Google has acquired the fitness tracking device manufacturer Fitbit, unnerving users who hoped to keep their health data out of Big Tech’s clutches. It promises not to use the data for ads, but does anyone really believe that?
If you can’t beat ‘em, buy ‘em! Google has struggled to sell its own wearable device line Wear OS, but with some 28 million “active users,” buying Fitbit gives the tech giant a captive market – and access to those users’ health data.
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Google’s senior vice president of devices and services called the $2.1 billion purchase “an opportunity to invest even more in Wear OS as well as introduce Made By Google wearable devices into the market” in a blog post on Friday. It’s not clear what will happen to the Fitbit brand.
Google attempted to defuse privacy concerns – Fitbit has access not only to customers’ fitness history, but also in many cases their health insurance information and medical history – with a reassurance that “we work hard to protect your information” and “we will never sell personal information to anyone.” While they insisted that “Fitbit health and wellness data will not be used for Google ads,” they acknowledged that some users would question their sincerity, stating they would “give Fitbit users the choice to review, move, or delete their data.” A press release from Fitbit echoed those promises.
It’s not Google’s first foray into the health data market – the company paid $40 million for smartwatch tech from watchmaker Fossil earlier this year, and Google has had access to data from British patients on the NHS since 2016, when the company inked a deal that the UK’s data watchdog later found violated privacy regulations. That access has only expanded, with several NHS trusts moving their data to Google’s cloud. Google has also invested in US health insurance provider Oscar.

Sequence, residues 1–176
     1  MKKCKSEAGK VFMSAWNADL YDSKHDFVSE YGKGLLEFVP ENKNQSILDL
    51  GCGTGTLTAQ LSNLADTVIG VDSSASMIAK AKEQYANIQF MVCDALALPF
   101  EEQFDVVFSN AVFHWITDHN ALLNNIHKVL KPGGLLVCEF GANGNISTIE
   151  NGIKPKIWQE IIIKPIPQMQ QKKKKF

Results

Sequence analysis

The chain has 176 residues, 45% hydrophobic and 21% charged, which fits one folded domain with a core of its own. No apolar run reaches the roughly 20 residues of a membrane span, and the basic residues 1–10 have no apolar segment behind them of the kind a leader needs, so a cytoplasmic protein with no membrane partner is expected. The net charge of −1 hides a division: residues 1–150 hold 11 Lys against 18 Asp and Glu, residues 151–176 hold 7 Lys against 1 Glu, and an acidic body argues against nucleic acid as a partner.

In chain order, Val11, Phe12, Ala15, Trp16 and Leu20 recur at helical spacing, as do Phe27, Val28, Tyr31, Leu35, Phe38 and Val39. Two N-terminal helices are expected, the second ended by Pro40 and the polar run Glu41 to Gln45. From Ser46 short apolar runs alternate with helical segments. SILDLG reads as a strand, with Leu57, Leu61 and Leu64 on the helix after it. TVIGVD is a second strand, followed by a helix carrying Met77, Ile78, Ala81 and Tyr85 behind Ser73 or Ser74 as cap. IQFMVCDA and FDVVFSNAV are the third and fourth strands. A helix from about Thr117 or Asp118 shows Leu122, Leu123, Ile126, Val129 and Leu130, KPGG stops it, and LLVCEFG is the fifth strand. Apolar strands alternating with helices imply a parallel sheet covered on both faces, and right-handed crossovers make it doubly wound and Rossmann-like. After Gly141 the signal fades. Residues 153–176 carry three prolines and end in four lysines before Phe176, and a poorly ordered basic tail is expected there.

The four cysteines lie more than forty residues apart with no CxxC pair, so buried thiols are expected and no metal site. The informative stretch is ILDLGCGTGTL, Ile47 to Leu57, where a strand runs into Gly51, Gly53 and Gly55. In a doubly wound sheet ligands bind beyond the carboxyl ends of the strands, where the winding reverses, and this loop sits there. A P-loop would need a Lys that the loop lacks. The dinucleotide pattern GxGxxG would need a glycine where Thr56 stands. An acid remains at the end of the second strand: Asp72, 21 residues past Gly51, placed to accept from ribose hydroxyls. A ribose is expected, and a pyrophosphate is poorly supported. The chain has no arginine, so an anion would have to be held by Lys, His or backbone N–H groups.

Nor is Google the only Big Tech firm greedily eyeing health data – Facebook executives have been making the rounds at hospitals and medical companies, trying to sweet-talk them into sharing customers’ health information. Facebook was reportedly interested in buying Fitbit as well, but Google offered twice as much, according to the Information.
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Armed with users’ health data, Big Tech could not only target them with advertising, but could also predict their behavior, something both corporations and governments have shown interest in.
Social media pounced on the news, pointing out that all Fitbit users’ data was now in the claws of one of the world’s largest data hogs.
If I recall correctly, Alphabet acquiring FitBit means that Google now controls hardware that's tied to some people's health insurance coverage?
— Anil Dash is… Dark Mode (@anildash) November 1, 2019
in case you were wondering whether Fitbit was more interested in your data than anything, it just got acquired by Google
— Jodi Beggs (@jodiecongirl) November 1, 2019
Despite Google’s promise to respect users’ privacy, suspicion was rampant.
Google is promising "Fitbit health and wellness data will not be used for Google ads.”https://t.co/wfVNHemHiC
I also remember when Google acquired Nest and @tfadell said home data would "not go into the greater Google or any of its other business units.”
— Geoffrey A. Fowler (@geoffreyfowler) November 1, 2019
As a former member of one of Google's own privacy teams, Alphabet acquiring Fitbit is almost certainly motivated primarily by the data about users' lives that the product produces.
— Irenes (many) (@ireneista) October 28, 2019
More than a few people opted to ditch their personal fitness trackers.
And I am getting rid of my fitbit
— McBoo (@CitizenDino) November 1, 2019
— George Paulussen (@ghp123) November 1, 2019
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